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Instructor Class Description

Time Schedule:

Crispin Thurlow Faber
B CUSP 117
Bothell Campus

Discovery Core II: Visual, Literary, and Performing Arts

Examines an important social issue such as ecology, art, political change, the power of media, educational reform, or the role of science in contemporary culture through interdisciplinary investigation and the lens of the visual, literary, and performing arts. Offered: W.

Class description

IMAGE POWER: INVESTIGATING VISUAL CULTURE (WINTER 2014)

"… we are entering a historical epoch in which the image will take over from the written word." (Ernst Gombrich, 1972)

This class is all about “ways of seeing" – literally and metaphorically. We’ll be exploring different ways of looking at (and making sense of) the everyday world of images, design and visual culture. We’ll be learning to see this world in a new light by looking at it more carefully and from different angles. In particular, we’ll be learning to understand contemporary visual culture by viewing it through different scholarly perspectives (e.g. semiotics, visual rhetoric, cultural studies). We will also examine a series of different everyday sites of visual production (e.g. advertising, fashion, fine art) as well as a number of different modes of visual communication (e.g. typography, color, space). A critical understanding of visual culture enables us to make sense of the role of images and design in our everyday lives. We are better able to see beyond the image – to recognize that there is always more than meets the eye. For many of us, knowing how visual communication works also enables us to do it better ourselves. This is why advertising execs, public relations officers, political campaigners, charity and social justice organizers are often required to take classes like this one. They know that these days the people who control the symbols are often the people with influence. It’s all about image power.

Student learning goals

have a basic understanding of some of the major academic approaches to theorizing visual culture in different academic fields.

be able to make connections between these theoretical perspectives and a range of "real world" applications and contexts.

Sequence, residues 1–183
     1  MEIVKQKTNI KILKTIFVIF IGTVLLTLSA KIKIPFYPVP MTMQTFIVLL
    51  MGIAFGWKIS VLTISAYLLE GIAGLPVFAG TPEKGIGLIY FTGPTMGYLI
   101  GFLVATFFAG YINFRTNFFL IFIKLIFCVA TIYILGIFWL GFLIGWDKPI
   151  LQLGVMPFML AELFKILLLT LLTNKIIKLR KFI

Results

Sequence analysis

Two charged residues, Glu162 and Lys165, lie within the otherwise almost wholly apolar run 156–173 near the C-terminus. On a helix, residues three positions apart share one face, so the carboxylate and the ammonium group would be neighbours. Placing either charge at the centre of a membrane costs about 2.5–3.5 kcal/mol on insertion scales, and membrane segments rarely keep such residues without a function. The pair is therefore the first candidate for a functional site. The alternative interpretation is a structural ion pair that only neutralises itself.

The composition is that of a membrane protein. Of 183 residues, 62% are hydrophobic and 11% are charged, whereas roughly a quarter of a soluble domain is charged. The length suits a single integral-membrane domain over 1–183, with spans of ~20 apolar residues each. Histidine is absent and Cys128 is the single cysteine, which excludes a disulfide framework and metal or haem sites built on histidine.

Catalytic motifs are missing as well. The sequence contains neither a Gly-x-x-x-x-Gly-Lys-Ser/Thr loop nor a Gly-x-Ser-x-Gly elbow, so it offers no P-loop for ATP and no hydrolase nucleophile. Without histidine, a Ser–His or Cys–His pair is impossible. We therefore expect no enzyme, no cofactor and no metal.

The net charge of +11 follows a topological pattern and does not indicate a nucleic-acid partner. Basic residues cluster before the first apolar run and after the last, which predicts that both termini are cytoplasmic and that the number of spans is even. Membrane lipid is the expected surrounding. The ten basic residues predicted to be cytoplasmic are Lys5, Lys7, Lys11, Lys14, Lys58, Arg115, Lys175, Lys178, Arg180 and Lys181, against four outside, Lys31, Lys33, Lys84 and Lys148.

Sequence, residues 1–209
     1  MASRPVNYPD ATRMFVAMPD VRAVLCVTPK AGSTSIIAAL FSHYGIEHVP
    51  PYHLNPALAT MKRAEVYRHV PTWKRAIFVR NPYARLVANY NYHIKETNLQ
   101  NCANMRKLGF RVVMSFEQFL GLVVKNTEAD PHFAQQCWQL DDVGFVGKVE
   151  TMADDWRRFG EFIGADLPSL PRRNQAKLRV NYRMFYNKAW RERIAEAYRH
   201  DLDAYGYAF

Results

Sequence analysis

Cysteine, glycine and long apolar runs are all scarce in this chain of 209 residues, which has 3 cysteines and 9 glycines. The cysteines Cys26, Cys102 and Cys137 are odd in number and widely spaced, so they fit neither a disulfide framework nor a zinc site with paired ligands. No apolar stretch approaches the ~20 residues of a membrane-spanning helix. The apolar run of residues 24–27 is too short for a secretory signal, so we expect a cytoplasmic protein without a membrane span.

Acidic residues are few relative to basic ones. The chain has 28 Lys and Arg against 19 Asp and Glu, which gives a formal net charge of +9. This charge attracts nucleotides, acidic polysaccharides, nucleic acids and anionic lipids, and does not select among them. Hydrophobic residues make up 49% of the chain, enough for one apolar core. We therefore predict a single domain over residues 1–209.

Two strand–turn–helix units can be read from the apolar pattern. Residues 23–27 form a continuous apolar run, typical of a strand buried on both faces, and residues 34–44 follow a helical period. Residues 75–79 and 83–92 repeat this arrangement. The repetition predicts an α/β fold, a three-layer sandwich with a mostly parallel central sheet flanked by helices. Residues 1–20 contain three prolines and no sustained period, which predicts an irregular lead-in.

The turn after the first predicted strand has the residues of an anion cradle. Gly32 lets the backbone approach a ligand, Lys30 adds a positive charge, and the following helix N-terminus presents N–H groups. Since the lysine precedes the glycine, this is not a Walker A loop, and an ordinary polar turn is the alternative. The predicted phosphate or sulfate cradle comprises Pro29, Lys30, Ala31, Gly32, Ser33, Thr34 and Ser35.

understand how scholars from different academic traditions use particular methods for analyzing different aspects of visual culture.

be able to apply a number of these visual research methods to areas of your own life.

know about the main communication resources at the heart of visual culture.

know about some of the major sites of contemporary visual production and "professional" practice.

General method of instruction

This class will be made up of the usual range of university-level work: lectures (presented mostly online), a modest amount of scholarly reading, viewing documentary films, in-class activities and discussion, and short weekly projects. The lecture content and reading will be done outside of our face-to-face class time; the projects will be started in class time and then carried independently; our face-to-face time together will be spent unpacking the lecture content, discussing the readings, reviewing projects and working on your visual essays.

Recommended preparation

The only preparation you will need to do for this class is to complete one short reading BEFORE the first day. This reading will be emailed to you before the start of the quarter. You will also be asked to bring with you a magazine advertisement that you really like.

Class assignments and grading

The main types of work that you will be doing are: a visual essay, a theory test (end of quarter), small weekly projects, quizzes based on required readings, and some short reviews of documentaries we'll be watching in class.

Your learning and effort in this class will be assessed with a mixture of credit/no credit work (e.g. visual essay, weekly projects and film review) and scored work (e.g. theory test and reading quizzes).


The information above is intended to be helpful in choosing courses. Because the instructor may further develop his/her plans for this course, its characteristics are subject to change without notice. In most cases, the official course syllabus will be distributed on the first day of class.
Last Update by Crispin Thurlow Faber
Date: 10/04/2013